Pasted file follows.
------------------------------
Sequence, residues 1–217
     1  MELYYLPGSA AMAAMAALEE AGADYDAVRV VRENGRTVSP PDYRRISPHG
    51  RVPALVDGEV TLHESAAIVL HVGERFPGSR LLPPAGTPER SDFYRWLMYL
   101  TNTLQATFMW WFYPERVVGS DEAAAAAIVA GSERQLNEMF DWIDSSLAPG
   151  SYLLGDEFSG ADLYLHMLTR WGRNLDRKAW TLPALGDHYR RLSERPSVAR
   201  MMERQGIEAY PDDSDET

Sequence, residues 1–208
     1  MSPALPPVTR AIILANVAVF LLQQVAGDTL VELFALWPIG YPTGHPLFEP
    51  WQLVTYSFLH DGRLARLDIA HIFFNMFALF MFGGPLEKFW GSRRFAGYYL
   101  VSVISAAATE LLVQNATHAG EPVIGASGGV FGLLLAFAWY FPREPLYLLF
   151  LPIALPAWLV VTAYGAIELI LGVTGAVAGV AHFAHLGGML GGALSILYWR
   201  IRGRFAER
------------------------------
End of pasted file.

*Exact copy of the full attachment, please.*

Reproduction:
Sequence, residues 1–217
     1  MELYYLPGSA AMAAMAALEE AGADYDAVRV VRENGRTVSP PDYRRISPHG
    51  RVPALVDGEV TLHESAAIVL HVGERFPGSR LLPPAGTPER SDFYRWLMYL
   101  TNTLQATFMW WFYPERVVGS DEAAAAAIVA GSERQLNEMF DWIDSSLAPG
   151  SYLLGDEFSG ADLYLHMLTR WGRNLDRKAW TLPALGDHYR RLSERPSVAR
   201  MMERQGIEAY PDDSDET

Sequence, residues 1–208
     1  MSPALPPVTR AIILANVAVF LLQQVAGDTL VELFALWPIG YPTGHPLFEP
    51  WQLVTYSFLH DGRLARLDIA HIFFNMFALF MFGGPLEKFW GSRRFAGYYL
   101  VSVISAAATE LLVQNATHAG EPVIGASGGV FGLLLAFAWY FPREPLYLLF
   151  LPIALPAWLV VTAYGAIELI LGVTGAVAGV AHFAHLGGML GGALSILYWR
   201  IRGRFAER